The label is rooted in California classics, including boatneck sweaters in mariner stripes or “Yosemite moss” green, barn jackets, cotton T-shirts, sweater dresses, poplin shirts and shorts, $78 to $306.
It is selling on the shopwyeth.com website and at the new 1,150-square-foot Wyeth boutique that opened this week at Platform L.A. in Culver City, California, across the street from the Wyeth design studio.
“Working as an influencer for 11 years and trying on millions of clothes, going to fashion weeks and working with brands, I’d say things like, ‘I love this jacket, but why didn’t they do this?’ Or, ‘I love this dress but I wish they did that,'” said Duprie, 39, who has 530,000 followers on Instagram. “Now that I have had experience, I know how much work goes into all these choices and I appreciate them. But I’ve always wanted to have full creative freedom. Wyeth marries my Southern upbringing with an East Coast sensibility and California cool girl, because I’m all of those things.”
Duprie has several seasoned partners in the venture. One of them is the Runyon Group real estate company, which owns the Platform shopping center in Culver City, where Apple, Amazon, HBO and Sony have offices nearby.
In addition to real estate investment (Runyon will open open a new shopping center, The Post, in Montecito, California, next year) principles Joseph Miller and David Fishbein have started brand building, investing first in a home retail project called Atrio for star decorator Jeremiah Brent at Platform, and now in Duprie’s Wyeth.
“We are trying to create an ecosystem in our company where we can partner with you at any stage. In some instances it’s renting a store, in some it’s a full-on partnership,” said Fishbein of providing start-up capital for Wyeth. “Jacey’s vision resonates over decades, people have been following her since they were in their 20s and now she’s a mother. They’re interested in what she’s going through.”
Other partners are Velvet by Graham and Spencer’s chief executive officer Henry Hirschowitz, and cofounder and creative director Jenny Graham, as well Velvet parent company, Japan’s Adastria Co. Ltd..
“It’s an easy marriage of the three of us,” said Duprie, whose real estate investor husband Grant Leavitt also works in the business, which currently employs 15 people.
Duprie started her blog Damsel in Dior in 2011, and has partnered with a number of brands, including Amazon Fashion, Splendid and The Odells.
Over the years she’s written about the newest Dior bag, Cabo vacation style and styling tips for family photos, but also social media FOMO and anxiety, managing ADD and her fear of flying. That honesty has resonated with fans, including those who bought her book, “Liking Myself Back: An Influencer’s Journey From Self-Doubt to Self-Acceptance,” published by Park Row in June.
“Everyone has seasons in their lives. Some seasons have been amazing and outrageous, like going to Paris and going to the Dior and Chanel shows. And some have been gut-wrenching and hard, like writing the book, where I had to go back to emotional moments. But now I’ve graduated. This is my next act,” she said, adding that she plans to cut back her social media content, and won’t sell the book in the Wyeth store.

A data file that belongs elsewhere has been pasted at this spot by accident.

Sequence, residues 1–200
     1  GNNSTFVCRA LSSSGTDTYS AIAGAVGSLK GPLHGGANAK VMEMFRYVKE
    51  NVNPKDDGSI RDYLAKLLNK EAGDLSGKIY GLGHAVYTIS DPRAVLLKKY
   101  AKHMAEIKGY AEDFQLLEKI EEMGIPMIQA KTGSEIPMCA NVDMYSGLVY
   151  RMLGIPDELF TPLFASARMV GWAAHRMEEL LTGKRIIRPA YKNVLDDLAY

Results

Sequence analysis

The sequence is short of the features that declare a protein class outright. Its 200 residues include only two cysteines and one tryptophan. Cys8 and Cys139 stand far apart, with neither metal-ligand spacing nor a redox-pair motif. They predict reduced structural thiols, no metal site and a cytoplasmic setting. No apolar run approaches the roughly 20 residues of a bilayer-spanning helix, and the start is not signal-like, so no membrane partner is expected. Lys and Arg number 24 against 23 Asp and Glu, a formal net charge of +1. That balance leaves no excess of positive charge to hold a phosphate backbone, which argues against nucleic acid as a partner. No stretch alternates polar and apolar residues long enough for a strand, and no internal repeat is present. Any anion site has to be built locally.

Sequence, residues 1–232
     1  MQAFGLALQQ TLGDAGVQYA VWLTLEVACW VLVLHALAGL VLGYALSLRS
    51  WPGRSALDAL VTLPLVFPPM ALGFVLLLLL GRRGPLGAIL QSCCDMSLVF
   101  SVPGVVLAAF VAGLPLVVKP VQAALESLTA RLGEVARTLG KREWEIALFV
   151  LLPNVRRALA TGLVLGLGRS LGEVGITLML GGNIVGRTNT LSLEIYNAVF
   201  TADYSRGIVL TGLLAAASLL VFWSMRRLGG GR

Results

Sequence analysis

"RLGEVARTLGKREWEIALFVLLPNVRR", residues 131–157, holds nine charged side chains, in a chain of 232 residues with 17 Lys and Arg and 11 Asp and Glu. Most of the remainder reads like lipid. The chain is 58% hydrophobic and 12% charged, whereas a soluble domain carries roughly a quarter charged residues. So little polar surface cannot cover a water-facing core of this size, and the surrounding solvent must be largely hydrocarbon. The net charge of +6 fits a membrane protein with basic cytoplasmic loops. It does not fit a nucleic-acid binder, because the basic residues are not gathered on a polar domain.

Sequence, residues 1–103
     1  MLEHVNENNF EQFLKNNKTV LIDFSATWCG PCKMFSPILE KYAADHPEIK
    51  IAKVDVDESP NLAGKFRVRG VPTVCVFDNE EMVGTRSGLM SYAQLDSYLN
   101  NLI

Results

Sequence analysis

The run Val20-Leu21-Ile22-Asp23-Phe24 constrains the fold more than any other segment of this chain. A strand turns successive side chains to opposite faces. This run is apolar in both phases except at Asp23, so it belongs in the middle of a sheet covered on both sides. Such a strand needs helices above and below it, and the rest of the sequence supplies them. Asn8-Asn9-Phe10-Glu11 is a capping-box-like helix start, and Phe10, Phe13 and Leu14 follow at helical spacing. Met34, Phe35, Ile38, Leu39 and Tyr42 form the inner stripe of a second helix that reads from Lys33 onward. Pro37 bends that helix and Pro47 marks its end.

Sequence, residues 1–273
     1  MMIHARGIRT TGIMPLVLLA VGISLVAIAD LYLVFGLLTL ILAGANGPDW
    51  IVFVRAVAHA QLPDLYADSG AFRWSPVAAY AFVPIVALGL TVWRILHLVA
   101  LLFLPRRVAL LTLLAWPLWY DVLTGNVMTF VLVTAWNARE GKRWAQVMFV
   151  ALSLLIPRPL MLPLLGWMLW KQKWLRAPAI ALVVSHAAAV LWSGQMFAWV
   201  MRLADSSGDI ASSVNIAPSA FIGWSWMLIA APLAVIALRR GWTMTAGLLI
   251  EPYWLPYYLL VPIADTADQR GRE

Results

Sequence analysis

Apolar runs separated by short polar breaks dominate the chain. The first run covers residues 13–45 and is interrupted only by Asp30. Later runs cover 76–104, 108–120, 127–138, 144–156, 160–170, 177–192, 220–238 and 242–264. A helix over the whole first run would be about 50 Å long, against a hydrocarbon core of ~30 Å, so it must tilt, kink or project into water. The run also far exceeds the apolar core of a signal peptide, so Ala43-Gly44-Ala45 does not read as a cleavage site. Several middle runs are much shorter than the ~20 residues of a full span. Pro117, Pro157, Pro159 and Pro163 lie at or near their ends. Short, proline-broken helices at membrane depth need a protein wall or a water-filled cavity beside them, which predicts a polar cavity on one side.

Duprie has also chronicled her home renovations extensively online, including a Lake Arrowhead project. She tapped interior designer Martha Mulholland for that and for the new Wyeth store, which has a Spanish Colonial feel, with warm stucco walls, reclaimed brick floors, a fireplace, custom chandelier fabricated from native plants, flowers and cotton bolls (a nod to Duprie’s roots as the daughter of a Texas cotton farmer).
“My aunt had a store in Chicago where I worked during college,” she said of cutting her teeth at Celeste Turner, adding that, amusingly, that store actually stocked Velvet by Graham and Spencer T-shirts. “Despite my history in social media, I like seeing people and helping them in the dressing room.”
The Wyeth launch collection (named after a favorite Andrew Wyeth quote, “I paint my life”) is comprised of 14 stock keeping units. Duprie’s favorite is the Santa Ynez barn jacket, with pockets lined in corduroy “so when you put your hand in its cozy,” she said. “And I like snaps, I’m a no-fuss kind of girl.”
As the range grows, she intends to keep prices low, ideally under $550. “I know my followers, and I know what they want to invest in…so I tried to let my metrics and analytics inform my decision-making in terms of the prices, and the pieces we’re designing,” she said of the collection, which is produced in Italy and China. The line will expand into silk separates, more dresses and accessories in the next year, all with the kind of California city-country lifestyle vibe that’s proven bankable with L.A. labels Jenni Kayne and The Great.
In addition to Wyeth, the store features vintage candlesticks and ceramics curated by Mulholland, and a selection of third-party goods, including wood jewelry by Sophie Monet, velvet headbands by Jennifer Behr, denim by AGolde, dresses by Merlette, boots by Aeyde and more.
Duprie will be looking to other influencers and social media platforms to help promote Wyeth.
“I love that more than me, me, me,” she said of becoming more behind-the-scenes. “I just started to TikTok, I’m almost 40, but I’m trying to have fun with it and be stupid and silly. After a few glasses of Chardonnay, it’s easier,” she laughed.
Wyeth has several upcoming collaborations planned, including with Lake Pajamas, Janessa Leone hats and a childrenswear range for summer. And Duprie hopes her second store will be in Runyon Group’s The Post in Montecito.
“I have big dreams for the brand. I’d be willing to wholesale it when we are ready. The first five years will be telling in terms of scaleability,” Duprie said. “But in 10 years, I hope to be a household name.”